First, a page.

Communication is easier today in Uganda than in the past. There are different modes of communication that can be used;

  • Telecommunication
  • Radio & Television
  • Internet
  • Post Services

From the 1900 to the 1970s, posta service were the most reliable mode of communication. The letters were handled by the British East Africa Protectorate that comprised of Uganda, Kenya and Tanzania. In the 1960s after independence, Uganda postal services were handled by Posta Uganda, a government owned company. Officially known as Uganda Posts Limited, this is the organisation responsible for postal services having an extensive network of postal delivery outlets down to sub-county level.

In the 1970s, telephone services became common in major areas in Uganda. Uganda started embracing ICTs as part of its economic development strategy when the first mobile phone service came onto the Ugandan scene in December 1994. The telecom company Celtel, using the GSM 900 technology mainly targeted business people and the diplomatic community. The cost of owning and maintaining a mobile phone was so high given that Ugandans were paying for Service Charge and Airtime.

Changes started coming with the entry into the market of the South African giant Mobile Telecommunications Network (MTN) in 1998. Phone calls became a little cheaper and the network coverage was extended to rural areas going beyond Kampala. Later several other telecoms ventured into Uganda. These include Warid Telecom, Orange Telecom, K2 Telecom, Vodafone, Smile Telcom etc. These telcoms entered into the market with more diversified products making communication even cheaper. More internet providers also came on the national scene.

Since then, the ICT sector has grown rapidly. Millions of Ugandans own smartphones, a fact driving digital penetration even in the rural countryside. The increase in internet usage has been further fueled by the country’s youth bulge. Uganda has the world’s youngest population, with over 78% below 30 years. These are more embracing of ICTs than their older, and inevitably old school, parents.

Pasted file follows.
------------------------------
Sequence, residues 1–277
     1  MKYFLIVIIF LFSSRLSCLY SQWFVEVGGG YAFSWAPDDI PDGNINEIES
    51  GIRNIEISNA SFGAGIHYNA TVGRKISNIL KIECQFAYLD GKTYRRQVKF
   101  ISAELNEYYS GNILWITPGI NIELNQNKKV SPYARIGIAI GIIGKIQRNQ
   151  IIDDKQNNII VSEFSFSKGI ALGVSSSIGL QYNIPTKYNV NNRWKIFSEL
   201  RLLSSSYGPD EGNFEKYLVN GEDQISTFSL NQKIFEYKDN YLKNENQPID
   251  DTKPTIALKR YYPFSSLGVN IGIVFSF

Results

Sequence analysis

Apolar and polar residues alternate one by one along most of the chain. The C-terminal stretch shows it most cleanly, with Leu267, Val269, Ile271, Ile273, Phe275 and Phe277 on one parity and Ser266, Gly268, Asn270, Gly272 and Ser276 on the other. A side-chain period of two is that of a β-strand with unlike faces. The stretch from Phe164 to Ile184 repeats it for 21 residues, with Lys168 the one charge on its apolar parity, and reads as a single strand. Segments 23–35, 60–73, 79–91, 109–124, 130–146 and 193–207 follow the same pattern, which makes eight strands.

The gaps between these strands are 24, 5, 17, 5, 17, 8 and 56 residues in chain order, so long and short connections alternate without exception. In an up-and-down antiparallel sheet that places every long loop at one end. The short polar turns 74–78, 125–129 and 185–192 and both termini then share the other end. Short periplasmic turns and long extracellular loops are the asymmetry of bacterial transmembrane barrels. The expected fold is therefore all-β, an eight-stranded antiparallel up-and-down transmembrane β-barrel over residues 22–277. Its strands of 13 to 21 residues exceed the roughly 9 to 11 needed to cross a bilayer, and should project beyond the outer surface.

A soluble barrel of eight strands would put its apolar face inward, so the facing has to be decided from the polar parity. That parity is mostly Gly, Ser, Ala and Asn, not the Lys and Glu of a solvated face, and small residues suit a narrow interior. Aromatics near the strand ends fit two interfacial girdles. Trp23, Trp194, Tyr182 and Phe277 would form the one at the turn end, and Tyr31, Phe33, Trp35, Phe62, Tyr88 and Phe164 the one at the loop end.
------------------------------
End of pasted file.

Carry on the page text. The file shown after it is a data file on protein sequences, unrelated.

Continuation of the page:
Radios & Televisions

The liberalization of the communication industry also led to an increase in FM radio stations which now number in hundreds. FM Radios started in the early 1990s and some of the first stations  to open in Uganda were Sanyu FM, Central Broadcasting Services (CBS), Capital Radio, Radio One etc.  80 percent of all households especially in the countryside now rely on radio for news and information. The “Ebimeeza” (people’s parliaments) call-in political talk shows were popularized and people began to freely debate the most important political and social issues of the day.

There also different TV stations in Uganda. These include the Uganda Broadcasting Corporation (UBC) a government owned media house. UBC in the past was known as the Uganda Television (UTV)


There is a couple of daily newspapers serving different audiences in the country. These include English newspapers as well as papers in local dialects;

  • The New Vision (Government Owned News Papers)
  • Bukedde (Luganda News Paper)
  • The Daily Monitor (Owned by the East Africa’s Nation Media)
  • The Red Pepper (the first Tabloid in Uganda)
  • The Weekly Observer (It is out two times a week)
  • Busi Week (business newspaper)